My blood pulsed hot through the veins of my neck as I scrolled through my contacts in my phone, looking for one in particular: Johnny Walker. I needed to tell him one thing: If Yannick would have us, Phillip and I wanted to come.
Fun video following my initial conversation with Johnny that I shared on Patreon April 8, 2016. Thanks, as always, to my followers, friends and Patrons who enable me to share this journey. Get on board!
They say: “If you’re going to haul out, be sure to do this and that and this while you’re out of the water.” Well, trust me. We did. I have spared you for quite some time but I now think you’re ready. I give you …. just a small glimpse at the mountains of OTHER projects we did while at the yard as a final farewell to our shipyard days. Next up, we start the rigorous process of stepping the mast and raising our new rig. Enjoy!
This was pretty cool. I had a fellow sailing blogger reach out to me and ask me to do a written interview for his blog — SailNator.com “Learn to Sail Online.” I found the questions he asked were really fun and insightful and I had a great time letting my Writer Annie let it all hang out in the process. I hope you enjoy the interview!
And, I have no idea where I’ll be as you’re reading this, but it may be somewhere in the middle of the Atlantic as we departed the end of May on our non-stop voyage from Florida to France on a French-built Catamaran. The tracker link showing our little blinking dot as it travels across the ocean along with daily messages to our followers and a world of photos, footage and stories from Atlantic crossing await on Patreon!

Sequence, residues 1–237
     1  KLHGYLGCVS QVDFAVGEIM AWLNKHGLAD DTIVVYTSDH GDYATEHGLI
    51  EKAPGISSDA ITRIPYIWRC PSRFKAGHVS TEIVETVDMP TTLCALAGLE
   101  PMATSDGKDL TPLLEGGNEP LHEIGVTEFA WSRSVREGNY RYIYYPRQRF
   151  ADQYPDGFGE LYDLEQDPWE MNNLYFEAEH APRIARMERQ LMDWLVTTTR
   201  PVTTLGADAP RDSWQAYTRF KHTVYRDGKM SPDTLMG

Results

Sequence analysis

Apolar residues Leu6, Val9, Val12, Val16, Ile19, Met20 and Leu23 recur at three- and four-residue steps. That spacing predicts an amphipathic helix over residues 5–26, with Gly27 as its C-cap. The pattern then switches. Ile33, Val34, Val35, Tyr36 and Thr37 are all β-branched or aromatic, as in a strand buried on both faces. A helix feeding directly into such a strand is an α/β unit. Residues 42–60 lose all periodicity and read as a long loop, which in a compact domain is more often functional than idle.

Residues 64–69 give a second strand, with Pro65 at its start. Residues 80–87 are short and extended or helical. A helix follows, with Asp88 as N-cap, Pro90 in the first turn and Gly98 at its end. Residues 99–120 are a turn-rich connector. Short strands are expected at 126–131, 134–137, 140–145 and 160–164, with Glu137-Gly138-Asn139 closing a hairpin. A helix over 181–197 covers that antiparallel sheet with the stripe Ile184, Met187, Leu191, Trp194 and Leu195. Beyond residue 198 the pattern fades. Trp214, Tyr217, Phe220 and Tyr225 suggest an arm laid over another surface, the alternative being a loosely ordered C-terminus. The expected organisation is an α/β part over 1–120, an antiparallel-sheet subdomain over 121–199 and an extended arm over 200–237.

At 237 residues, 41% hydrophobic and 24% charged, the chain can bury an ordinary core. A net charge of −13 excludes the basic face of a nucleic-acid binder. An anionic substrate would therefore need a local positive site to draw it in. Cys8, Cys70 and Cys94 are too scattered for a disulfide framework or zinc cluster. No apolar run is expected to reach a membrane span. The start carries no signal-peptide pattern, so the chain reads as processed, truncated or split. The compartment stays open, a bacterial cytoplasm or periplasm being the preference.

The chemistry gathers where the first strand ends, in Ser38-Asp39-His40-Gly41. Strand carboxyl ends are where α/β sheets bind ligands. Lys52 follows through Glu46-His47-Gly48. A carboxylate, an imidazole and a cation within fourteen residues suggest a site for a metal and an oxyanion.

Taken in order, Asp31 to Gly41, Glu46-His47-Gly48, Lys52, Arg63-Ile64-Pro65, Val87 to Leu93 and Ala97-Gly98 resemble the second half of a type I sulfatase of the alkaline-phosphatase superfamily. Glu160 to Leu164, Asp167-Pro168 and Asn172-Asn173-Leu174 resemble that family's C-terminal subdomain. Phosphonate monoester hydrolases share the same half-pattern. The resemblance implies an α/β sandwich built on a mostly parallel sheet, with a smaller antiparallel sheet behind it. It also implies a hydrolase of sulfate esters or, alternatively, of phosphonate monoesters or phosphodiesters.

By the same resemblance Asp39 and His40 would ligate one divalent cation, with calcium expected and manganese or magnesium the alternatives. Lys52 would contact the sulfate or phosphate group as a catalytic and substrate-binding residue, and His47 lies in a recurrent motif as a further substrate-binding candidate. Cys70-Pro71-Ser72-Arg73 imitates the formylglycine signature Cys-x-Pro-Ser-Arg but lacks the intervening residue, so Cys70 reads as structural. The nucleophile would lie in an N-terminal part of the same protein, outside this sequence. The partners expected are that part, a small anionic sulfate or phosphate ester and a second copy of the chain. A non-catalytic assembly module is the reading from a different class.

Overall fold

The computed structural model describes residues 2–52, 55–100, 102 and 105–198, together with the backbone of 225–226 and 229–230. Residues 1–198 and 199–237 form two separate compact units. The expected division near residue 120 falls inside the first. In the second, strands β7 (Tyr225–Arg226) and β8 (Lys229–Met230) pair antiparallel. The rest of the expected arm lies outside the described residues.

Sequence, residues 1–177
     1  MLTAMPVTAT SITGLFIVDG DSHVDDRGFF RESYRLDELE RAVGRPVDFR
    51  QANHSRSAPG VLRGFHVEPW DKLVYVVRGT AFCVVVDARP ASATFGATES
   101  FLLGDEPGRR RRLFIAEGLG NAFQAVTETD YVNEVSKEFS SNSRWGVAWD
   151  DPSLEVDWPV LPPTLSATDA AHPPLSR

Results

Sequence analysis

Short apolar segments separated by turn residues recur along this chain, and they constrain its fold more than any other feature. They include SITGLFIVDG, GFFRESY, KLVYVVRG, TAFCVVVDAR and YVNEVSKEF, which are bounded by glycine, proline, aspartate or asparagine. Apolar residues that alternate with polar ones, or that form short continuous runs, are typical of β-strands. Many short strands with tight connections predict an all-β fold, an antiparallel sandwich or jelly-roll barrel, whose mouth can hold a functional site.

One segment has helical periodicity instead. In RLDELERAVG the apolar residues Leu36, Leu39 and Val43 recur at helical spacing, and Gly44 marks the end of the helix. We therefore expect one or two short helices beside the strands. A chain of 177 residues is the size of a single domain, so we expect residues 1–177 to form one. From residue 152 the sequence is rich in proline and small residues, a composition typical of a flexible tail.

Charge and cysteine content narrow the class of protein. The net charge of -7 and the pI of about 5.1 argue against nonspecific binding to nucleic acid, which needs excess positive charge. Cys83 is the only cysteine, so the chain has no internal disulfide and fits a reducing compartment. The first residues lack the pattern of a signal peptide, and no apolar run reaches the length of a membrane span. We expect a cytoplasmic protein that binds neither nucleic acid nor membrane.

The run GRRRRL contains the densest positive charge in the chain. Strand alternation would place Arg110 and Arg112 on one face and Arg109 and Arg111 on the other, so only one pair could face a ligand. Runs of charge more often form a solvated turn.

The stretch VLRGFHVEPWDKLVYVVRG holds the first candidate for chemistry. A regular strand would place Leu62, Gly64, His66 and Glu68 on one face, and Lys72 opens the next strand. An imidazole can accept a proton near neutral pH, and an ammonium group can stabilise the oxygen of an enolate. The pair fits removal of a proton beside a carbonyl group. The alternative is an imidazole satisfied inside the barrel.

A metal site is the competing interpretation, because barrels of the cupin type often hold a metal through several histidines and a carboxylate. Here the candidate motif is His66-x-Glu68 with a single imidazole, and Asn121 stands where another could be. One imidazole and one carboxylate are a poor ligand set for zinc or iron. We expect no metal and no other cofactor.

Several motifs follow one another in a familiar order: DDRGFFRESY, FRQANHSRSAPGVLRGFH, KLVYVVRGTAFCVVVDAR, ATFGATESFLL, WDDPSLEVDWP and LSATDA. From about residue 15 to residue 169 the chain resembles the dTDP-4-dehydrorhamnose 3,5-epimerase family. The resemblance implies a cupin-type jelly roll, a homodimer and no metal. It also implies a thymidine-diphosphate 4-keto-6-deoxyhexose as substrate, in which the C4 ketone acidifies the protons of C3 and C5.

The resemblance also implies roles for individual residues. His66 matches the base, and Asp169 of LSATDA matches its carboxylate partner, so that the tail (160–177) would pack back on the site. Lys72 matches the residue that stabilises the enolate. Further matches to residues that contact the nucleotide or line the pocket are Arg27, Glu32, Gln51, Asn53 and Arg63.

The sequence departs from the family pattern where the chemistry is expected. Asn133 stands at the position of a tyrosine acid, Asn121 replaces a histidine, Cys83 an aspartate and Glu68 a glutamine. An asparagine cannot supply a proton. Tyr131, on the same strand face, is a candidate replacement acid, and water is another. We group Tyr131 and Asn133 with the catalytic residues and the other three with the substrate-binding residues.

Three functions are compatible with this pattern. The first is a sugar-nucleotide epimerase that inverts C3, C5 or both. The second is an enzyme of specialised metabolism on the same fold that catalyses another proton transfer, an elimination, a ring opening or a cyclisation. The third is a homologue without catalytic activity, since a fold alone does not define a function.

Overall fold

That’s right. I’ve shared a few “hows” from our stint at the yard, now it’s time for a few “how nots.” Watch as we re-bed the bow pulpit not once, but twice (because it was so much fun the first time) for your viewing pleasure.
And … aSIDE from the book release next week, then it’s just a few days until we embark on our Atlantic crossing journey. Atlantic Annie’s getting a little too excited about it. If you haven’t yet, join the journey on Patreon. Go ahead, take the plunge!
You might have thought it was the rigging, or the bottom job, or the (oh yeah) falling-off keel but you’d be wrong. It was the horrendous job of popping our our windows, scraping away the mess, replacing the crackled lexan, then painting and putting them back in. Particularly when one was 5,200’ed (that’s a word) in. Subscribe. Share. Don’t use 5200. Ever. And enjoy!
(And a “worm dance” to boot … do NOT miss that!) We were headed to the shipyard to work on a Sunday but Brandon said it was too pretty not to sail. Watch as we take a well-deserved break from the yard and hop aboard Brandon’s Gulf Star 45 to fly the chute!
Exciting news kids. Weather depending (always the case, right?) Phillip and I will be headed out today for our first weekend on the hook since … last year?! This boat is ready to go!
And, I’ll keep working hard over here to bring you along every step of the way through videos, photos and blogs. If you’ve been inspired by the journey, get on board!